Nation & World

Fla. welfare drug testing law challenged by ACLU, Navy veteran

The ACLU of Florida and a Navy veteran from Orlando have filed a class action lawsuit against the state challenging a new law that requires cash welfare recipients to first pass a drug test.

The lawsuit contends that the drug testing requirement represents an unconstitutional search and seizure.

The suit was filed in federal court in the Middle District of Florida on Tuesday on behalf of Luis Lebron, a Navy veteran and University of Central Florida student who receives welfare while caring for his son and disabled mother.

“I served my country, I’m in school finishing my education and trying to take care of my son,” Lebron, 35, said in a release. “It’s insulting and degrading that people think I’m using drugs just because I need a little help to take care of my family while I finish up my education.”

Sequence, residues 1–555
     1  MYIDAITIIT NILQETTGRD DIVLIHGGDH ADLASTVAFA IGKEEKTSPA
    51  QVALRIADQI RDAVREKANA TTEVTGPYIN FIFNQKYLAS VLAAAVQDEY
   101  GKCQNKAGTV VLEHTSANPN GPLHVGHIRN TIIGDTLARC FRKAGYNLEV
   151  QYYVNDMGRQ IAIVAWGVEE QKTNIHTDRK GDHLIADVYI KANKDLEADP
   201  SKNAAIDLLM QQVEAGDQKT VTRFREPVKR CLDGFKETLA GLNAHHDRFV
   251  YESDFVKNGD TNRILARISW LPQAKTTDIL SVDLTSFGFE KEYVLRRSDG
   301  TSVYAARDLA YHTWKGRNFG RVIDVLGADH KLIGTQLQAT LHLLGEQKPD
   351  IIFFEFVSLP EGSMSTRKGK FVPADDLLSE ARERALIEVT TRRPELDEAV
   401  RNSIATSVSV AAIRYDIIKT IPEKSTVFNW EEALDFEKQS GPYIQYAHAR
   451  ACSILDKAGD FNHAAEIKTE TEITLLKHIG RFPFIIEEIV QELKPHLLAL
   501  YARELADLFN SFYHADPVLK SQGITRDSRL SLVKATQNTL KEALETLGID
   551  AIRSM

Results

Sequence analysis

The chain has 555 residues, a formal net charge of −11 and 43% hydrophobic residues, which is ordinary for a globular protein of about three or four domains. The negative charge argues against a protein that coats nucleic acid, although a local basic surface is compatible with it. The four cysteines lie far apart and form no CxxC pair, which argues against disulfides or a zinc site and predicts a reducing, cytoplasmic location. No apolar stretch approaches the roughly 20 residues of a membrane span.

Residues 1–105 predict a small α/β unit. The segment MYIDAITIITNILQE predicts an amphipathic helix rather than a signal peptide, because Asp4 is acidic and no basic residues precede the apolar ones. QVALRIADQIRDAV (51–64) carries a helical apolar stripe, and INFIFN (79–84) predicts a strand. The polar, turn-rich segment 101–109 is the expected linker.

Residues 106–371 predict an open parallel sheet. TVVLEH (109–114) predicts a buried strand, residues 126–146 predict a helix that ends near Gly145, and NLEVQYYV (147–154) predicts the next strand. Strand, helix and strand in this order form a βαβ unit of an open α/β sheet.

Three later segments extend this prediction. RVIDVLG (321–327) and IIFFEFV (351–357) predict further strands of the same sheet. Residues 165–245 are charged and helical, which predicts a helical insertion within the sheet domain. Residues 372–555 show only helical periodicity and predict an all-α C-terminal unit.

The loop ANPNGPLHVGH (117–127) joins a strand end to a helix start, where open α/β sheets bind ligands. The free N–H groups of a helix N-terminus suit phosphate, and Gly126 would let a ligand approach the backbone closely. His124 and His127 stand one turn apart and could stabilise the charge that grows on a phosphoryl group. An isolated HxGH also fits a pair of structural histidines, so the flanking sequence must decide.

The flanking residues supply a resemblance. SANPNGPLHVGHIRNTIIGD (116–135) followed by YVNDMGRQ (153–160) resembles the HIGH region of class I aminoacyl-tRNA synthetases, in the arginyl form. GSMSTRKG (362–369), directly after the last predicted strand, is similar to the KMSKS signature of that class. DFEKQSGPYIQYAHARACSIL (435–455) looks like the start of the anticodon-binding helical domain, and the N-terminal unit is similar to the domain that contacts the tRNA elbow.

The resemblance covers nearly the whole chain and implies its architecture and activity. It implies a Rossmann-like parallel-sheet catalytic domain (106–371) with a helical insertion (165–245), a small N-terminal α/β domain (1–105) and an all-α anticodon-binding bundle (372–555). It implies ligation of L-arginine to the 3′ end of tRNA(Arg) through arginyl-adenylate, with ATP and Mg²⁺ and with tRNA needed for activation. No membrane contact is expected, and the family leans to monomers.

Gov. Rick Scott signed the drug testing requirement into law in May, fulfilling a campaign promise to test cash welfare recipients.

“The goal of this is to make sure we don’t waste taxpayers’ money,” Scott said in May. “And hopefully more people will focus on not using illegal drugs.”

Under the drug testing law, welfare applicants are required to pay for their test but are reimbursed if they test negative. Positive tests carry an immediate six-month ban on receiving cash welfare assistance through the Temporary Assistance for Needy Families program. A second positive test results in a three-year ban.

The suit is the 10th notable lawsuit targeting Scott or a policy he supported since his inauguration.

To read the complete article, visit www.miamiherald.com.

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